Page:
Indian Horse is formulaic with intermittent ferocity
Film | by Jorge Ignacio Castillo
Opens April 13
The residential school system is Canada’s greatest shame. To add insult to injury, the guilty parties have been slow to come around. The pope, for example, still refuses to apologize. Then there’s people like Senator Lynn Beyak, who said the Truth and Reconciliation Commission’s findings have overshadowed the “good deeds” of “well-intentioned” residential school workers. You don’t have to look further than the comment section on any news outlet to find swarms of people who think like her.
All this is to say that Canadian cinema has a responsibility to bring the stories of First Nations’ residential school survivors to the big screen. Some of them — mostly documentary filmmakers — have answered the call, but it hasn’t been enough. And Indian Horse is the most high-profile effort to date (superb production values, strong cast) but it has issues that smaller productions (Rhymes for Young Ghouls) managed to overcome.
Based on Richard Wagamese’s novel, Indian Horse follows Saul, a residential school survivor, from early childhood to adulthood. A resilient kid, Saul endures the hardships (frequent physical abuse, separation from his family) better than most of his classmates, helped by his love for hockey and the relative protection of Father Gaston (Michiel Huisman, The Age of Adeline). Unfortunately, tragedy is unavoidable — especially after Saul confronts overwhelming racism outside school, not to mention repressed memories that won’t stay buried.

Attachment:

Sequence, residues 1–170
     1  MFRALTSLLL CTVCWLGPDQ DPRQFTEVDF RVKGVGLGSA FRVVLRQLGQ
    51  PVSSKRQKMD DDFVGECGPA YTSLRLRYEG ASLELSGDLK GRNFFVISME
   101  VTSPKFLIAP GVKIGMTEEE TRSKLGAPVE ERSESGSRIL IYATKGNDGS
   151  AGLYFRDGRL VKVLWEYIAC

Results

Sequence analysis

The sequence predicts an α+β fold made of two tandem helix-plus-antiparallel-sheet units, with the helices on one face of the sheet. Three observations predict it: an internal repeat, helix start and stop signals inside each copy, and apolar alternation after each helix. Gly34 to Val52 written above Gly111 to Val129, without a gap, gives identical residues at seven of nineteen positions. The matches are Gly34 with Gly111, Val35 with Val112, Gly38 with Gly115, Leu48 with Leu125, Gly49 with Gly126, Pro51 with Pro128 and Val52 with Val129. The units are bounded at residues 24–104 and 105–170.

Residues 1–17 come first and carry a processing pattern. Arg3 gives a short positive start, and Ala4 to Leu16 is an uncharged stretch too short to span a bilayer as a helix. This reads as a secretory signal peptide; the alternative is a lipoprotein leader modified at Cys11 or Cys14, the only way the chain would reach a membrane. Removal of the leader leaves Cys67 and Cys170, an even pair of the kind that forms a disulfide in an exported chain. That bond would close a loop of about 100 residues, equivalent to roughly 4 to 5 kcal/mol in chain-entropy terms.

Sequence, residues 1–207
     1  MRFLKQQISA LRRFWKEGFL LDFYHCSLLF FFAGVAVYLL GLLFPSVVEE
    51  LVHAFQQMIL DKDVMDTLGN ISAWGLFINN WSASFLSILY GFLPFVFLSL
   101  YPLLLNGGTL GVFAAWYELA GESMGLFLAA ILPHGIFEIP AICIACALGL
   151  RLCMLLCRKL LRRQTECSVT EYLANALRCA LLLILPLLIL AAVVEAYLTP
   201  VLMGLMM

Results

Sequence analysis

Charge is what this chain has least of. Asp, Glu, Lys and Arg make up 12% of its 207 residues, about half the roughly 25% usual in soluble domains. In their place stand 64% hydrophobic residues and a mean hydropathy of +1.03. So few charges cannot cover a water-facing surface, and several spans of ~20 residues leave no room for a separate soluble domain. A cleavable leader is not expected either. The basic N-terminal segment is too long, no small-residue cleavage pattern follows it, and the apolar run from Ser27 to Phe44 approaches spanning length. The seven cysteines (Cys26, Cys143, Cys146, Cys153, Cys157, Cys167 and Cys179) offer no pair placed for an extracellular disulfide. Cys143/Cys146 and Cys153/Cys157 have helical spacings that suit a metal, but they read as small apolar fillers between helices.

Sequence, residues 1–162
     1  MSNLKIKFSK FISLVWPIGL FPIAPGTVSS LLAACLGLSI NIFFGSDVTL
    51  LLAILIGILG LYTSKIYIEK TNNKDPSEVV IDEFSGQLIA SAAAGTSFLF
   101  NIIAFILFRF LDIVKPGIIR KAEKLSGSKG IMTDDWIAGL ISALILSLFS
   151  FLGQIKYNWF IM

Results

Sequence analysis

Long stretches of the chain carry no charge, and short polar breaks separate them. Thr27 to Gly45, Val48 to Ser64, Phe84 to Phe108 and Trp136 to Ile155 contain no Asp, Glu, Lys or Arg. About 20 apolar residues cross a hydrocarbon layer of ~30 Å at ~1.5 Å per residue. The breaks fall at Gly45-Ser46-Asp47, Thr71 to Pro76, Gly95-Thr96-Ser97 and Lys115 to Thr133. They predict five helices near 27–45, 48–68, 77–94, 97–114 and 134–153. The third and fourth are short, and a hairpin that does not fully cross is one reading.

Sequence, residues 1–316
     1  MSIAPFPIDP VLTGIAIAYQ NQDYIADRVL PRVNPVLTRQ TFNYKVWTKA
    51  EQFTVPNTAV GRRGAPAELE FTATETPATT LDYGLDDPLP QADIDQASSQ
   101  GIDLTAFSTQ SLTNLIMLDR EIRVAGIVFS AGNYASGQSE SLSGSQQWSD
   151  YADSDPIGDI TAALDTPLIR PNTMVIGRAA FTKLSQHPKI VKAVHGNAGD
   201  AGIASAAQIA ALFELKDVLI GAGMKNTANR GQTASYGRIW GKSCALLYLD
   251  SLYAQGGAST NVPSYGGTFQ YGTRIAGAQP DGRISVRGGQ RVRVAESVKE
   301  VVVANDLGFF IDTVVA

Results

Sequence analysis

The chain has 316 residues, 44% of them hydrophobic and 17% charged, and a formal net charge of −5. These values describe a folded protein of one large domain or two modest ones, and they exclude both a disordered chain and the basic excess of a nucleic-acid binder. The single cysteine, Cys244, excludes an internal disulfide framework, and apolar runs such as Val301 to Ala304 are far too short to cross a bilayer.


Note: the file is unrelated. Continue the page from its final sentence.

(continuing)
Because of the gravity and proximity of the events depicted in the film, Indian Horse packs a heavy emotional punch. Unfortunately, the movie doesn’t build on those foundations: Indian Horse has brutal, hard-to-stomach moments, but it still feels formulaic.
A bigger problem is the character of Saul, played at different ages by Sladen Peltier, Forrest Goodluck and Ajuawak Kapashesit. It’s impossible to believe this is the same person at different ages. Also, a couple of traits don’t add up to a character. Saul feels like a blank canvas, only getting to drive the action in the film’s final minutes.
There are however scenes of great individual power. A horrific timeout and an incident on the rink in front of a bigoted crowd are sequences that stay with you.
With perfectly balanced pluses and minuses, Indian Horse is the very embodiment of my 2.5/5 rating.